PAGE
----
So we decided to go oot & aboot to visit the Tolbooth Museum this morning. But it’s cold again with temperatures hovering at 2°C/35°F with winds of 11 mph (Windchill -3°C/26°F). Did I mention the rain, sleet and snow flurries?
The Tolbooth Museum was formerly a jail or prison in 17th-Century Aberdeen, Scotland and it sits just a few blocks away from our hotel. Like the Aberdeen Maritime Museum it is absolutely free of charge to locals and tourists alike.
It’s a huge building and occupies one or two blocks on Union Street. We thought we were in for a real treat—after all the Maritime Museum looked puny by comparison, even though it covered four levels, and it proved to be a terrific museum. It was starting to rain when we finally ducked into the entryway and received our map from the docent. He directed us around the corner and up the winding circular stairs to the old cells. The stairs are treacherous for old guys like us—narrow, steep, small for American big feet and completely lacking in handrails except for some ropes added in recent years.
It was the same experience we had at Blarney Castle in Ireland while climbing the stairs to the upper floors and turrets. The steps are not necessarily uniform in size and can really trip you up if you’re not paying attention. Also, I am very conscious of my big DSLR camera potentially slamming up against the stone walls and getting broken. Finally, since my cerebral event in Guatemala four years ago I tend to suffer from some vertigo further complicating matters. Heights don’t scare me (at least not too much) but I find myself wanting to topple over. Not good.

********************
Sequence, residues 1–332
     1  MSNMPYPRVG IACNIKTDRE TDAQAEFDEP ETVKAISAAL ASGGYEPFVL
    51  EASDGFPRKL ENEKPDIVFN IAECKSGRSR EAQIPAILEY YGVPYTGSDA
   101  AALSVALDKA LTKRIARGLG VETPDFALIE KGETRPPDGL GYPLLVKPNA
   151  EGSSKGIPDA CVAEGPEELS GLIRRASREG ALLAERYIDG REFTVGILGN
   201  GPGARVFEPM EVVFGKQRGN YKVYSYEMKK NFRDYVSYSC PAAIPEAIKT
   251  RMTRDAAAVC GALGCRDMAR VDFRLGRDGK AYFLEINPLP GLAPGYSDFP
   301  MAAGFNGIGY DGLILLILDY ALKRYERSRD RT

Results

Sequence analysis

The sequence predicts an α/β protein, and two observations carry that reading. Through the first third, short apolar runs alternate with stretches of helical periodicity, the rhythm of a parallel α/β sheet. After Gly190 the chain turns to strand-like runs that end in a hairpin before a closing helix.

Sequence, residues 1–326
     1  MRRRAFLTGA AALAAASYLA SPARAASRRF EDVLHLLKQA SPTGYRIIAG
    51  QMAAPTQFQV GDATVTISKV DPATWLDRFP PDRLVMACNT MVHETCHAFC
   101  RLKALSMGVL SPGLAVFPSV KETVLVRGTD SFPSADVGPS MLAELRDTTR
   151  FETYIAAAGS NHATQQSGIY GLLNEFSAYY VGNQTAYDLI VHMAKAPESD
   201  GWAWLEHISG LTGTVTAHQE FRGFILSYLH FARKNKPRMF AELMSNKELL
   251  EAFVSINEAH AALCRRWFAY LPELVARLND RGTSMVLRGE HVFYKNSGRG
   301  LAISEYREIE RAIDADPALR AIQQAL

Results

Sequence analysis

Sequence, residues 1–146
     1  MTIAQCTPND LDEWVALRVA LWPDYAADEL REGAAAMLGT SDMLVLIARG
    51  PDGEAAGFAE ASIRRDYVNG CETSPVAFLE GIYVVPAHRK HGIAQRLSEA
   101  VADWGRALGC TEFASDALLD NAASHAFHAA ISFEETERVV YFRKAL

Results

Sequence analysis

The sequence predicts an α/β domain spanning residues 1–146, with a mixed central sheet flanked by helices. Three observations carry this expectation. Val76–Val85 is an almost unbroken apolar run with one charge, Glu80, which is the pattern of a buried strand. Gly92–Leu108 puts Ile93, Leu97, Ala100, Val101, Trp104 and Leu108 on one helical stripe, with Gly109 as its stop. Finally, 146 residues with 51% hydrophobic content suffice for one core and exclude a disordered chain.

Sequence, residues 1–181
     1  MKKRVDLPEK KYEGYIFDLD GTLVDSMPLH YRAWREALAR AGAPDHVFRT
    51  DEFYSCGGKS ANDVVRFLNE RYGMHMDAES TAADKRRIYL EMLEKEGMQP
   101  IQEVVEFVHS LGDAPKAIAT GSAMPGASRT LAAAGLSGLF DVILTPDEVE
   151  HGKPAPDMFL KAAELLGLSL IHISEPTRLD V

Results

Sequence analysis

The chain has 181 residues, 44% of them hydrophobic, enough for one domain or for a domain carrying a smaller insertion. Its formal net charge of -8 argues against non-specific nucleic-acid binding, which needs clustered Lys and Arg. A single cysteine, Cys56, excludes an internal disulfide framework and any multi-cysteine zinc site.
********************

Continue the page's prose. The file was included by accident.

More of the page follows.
It’s like an inner ear infection that makes you dizzy—if I look up at a tall tree or building I tend to fall over backwards. Embarrassing to say the least. These days I’m mindful of holding something (anything) before looking sharply up or down so I don’t lose my balance. As Dirty Harry is fond of saying: A man has to know his limitations. So long-story-short I’m careful when we’re prowling around these old buildings and ruins. And if the steep and narrow steps aren’t enough just one moments inattention and you will bash your head on a low ceiling (and that hurts like the very devil).
The museum was a bit of a disappointment overall but shouldn’t have been since it was free. What’s the old maxim: Never look a gift horse in the mouth. It’s just that there wasn’t much to see—about three different cells was the extent of the displays. Evidently the rest of building which is very large, as you can see in the photo, is used for government purposes and houses a lot of administrative offices and such. The original cells would have been very dark and dank and I suspect very cold too. No windows to the outside were visible in any of the rooms.
There were placards in the various rooms describing the types of crimes that could get you sentenced to this prison (witchcraft, debtors and theft) and what the punishments might have been. I’m sure the living conditions were deplorable like other 17th-Century jails and prisons: full of vermin of every type and description and of course disease. I can’t imagine the food was very good or plentiful either—probably mostly gruel, bread and water. Many of the walls still sported rings for shackles so I suspect the inmates who were insane and violent were chained up.